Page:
Every two years as a WoW expansion draws nearer, it seems I have to write the same article questioning the validity of Blizzard’s beta selection process. Despite pointing out many flaws in Blizzard’s methodology and offering suggestions to reward customer loyalty, it seems nothing has changed.
My main gripe is that the insular and impervious culture at Blizzard seemingly cares little about the concept of rewarding customer loyalty. The reason may be simple: they are still the top dog in the MMO business which means they don’t have to care. My problem with this is that this kind of attitude is short-sighted. The day will eventually come when a light bulb will turn on above a Blizzard executive — probably after they see declining subscriptions – and suddenly they’ll understand that customer loyalty makes sense.
Am I Loyal Enough?
Here’s my current situation as a loyal WoW subscriber: I’ve been playing since the Friends & Family Alpha back in 2004 — I used to know a friend of a Blizzard employee and I was fortunate to get an alpha invite many years ago. During the alpha, I provided the devs with countless hours of written feedback which I believe benefited the MMO.
When WoW went live in 2004, I purchased the Collector’s Edition and I have dutifully purchased a Collector’s Edition ever since then. There was a point where I’ve had 2 WoW accounts as well. I’ve purchased the live PPV event last year to watch BlizzCon 2009. I have even put money down this year on a 2010 Cataclysm Collector’s Edition.
Also during that time I’ve run a big WoW guild, managed WoW forums, spent countless hours literally teaching many newbies how to play WoW, submitted hundreds of petitions reporting chat harassment and TOS violations in an effort to make the WoW community on my local server better, and last but not least published scores of articles on how to make WoW better here on this website.
The result for all those years of continued loyalty to Blizzard and WoW and probably a couple of thousands of dollars in purchases later? Not one single beta invite.
It’s About Time…
At least Blizzard offered people who pre-ordered the Starcraft 2: Collector’s Edition a beta slot for Starcraft 2 as an incentive. Why would they not offer a beta slot to someone who has pre-ordered the Cataclysm Collector’s Edition?
It stands to reason that loyal subscribers who have demonstrated years of dedication as a player know the game pretty well and would most likely be better beta testers than players who have just started playing or play sporadically.
How to Get a Cataclysm Beta Slot: Cancel Your WoW Account
What adds injury to insult is that Gordon at We Fly Spitfires recently reported that many WoW players who recently canceled their subscriptions have suddenly and inexplicably got beta invites.
That’s right, two weeks before his account was due to expire Blizzard decide to invite my brother to partake in the Cataclysm beta. Lo and behold, a few rabid schoolboy emails to me later and he was logging into the world of Azeroth once again, this time as a Worgen Rogue (even though he swore he’d had enough of WoW for a good long time). Furthermore, seeing as one needs an active account to take part in the beta, he’s now contemplating re-subscribing solely to keep playing it.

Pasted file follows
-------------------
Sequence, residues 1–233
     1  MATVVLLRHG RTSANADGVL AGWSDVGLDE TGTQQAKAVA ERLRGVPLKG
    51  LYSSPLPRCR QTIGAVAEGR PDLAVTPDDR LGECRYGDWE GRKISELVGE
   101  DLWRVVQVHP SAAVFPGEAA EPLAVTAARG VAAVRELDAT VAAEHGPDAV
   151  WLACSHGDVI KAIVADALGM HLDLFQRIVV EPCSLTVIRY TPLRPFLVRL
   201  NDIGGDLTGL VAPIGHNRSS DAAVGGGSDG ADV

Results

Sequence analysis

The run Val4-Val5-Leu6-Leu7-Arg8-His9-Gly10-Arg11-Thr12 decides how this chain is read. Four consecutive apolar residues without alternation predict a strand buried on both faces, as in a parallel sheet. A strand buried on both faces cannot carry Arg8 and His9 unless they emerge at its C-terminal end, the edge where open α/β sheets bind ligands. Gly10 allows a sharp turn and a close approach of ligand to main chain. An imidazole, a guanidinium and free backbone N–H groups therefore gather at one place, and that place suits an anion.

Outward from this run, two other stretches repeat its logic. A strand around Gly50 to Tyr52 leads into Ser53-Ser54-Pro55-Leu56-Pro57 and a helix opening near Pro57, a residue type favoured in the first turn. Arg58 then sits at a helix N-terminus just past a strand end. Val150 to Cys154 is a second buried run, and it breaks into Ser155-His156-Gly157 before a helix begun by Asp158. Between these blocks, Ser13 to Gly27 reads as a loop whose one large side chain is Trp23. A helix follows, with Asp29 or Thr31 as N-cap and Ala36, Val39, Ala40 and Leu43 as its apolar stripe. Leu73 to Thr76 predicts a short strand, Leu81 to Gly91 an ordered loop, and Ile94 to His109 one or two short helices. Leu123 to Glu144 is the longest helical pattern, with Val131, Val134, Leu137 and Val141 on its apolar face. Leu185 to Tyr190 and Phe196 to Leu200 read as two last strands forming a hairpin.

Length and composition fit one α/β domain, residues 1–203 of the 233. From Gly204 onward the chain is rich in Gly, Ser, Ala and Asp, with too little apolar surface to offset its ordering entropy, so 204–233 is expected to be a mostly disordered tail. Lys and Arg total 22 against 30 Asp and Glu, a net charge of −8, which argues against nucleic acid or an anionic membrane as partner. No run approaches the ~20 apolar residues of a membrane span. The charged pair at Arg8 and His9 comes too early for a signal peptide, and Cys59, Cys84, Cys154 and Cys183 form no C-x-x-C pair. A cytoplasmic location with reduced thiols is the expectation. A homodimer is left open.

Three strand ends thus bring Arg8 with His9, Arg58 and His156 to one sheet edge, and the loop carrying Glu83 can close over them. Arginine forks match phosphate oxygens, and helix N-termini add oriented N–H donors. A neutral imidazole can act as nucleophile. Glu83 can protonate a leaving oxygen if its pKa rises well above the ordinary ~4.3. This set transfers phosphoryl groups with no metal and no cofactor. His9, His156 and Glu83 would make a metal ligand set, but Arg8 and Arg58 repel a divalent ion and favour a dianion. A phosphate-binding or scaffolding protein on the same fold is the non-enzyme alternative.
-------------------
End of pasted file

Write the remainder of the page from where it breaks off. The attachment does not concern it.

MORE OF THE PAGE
When I heard this, I immediately canceled my WoW account. Money, it seems is the only language that Blizzard understands.
Therefore I urge everyone who would like to get a Cataclysm beta slot to cancel their account.
MMO Press: Fair and Balanced?
Too often the practice in the video game industry has been to give beta slots to paid corporate bloggers at various popular websites — you all know the names of these sites — so these writers can continually pound a positive promotional drumbeat for the company. (You’ll notice that these websites largely consist of a steady drip of cheerful, uncritical, puff pieces on WoW). Using the concept of reciprocity, they know that by giving out beta slots and paid press junkets they can influence the chances that their products will get favorable reviews.
These corporate websites in turn get all kinds of content and exclusives that keep their readers coming back for more. This is precisely why you can not completely trust the establishment gaming websites to give you objective, impartial and unbiased reporting.
Even as far back as the early 2000’s I was one of the only people to question these kinds of practices during the days of EverQuest and SOE’s Fanfaires. Needless to say, being a MMO whistle-blower and exposing these kinds of shenanigans didn’t make me very popular with a certain EQ druid forum.
To test this theory, about 2 weeks ago I emailed the Blizzard PR department and requested a Cataclysm “press” beta slot. I laid all my cards on the table and explained that in the past I have been very critical of Blizzard and World of Warcraft and I was willing to give Cataclysm an honest, no-holds barred appraisal on this blog. To date, I have not heard back from them. Not even the courtesy of a flat out “no” to my request.
I’d like to close this article with some humor. Here’s a video that makes fun of the current Blizzard beta selection process for Cataclysm. Enjoy!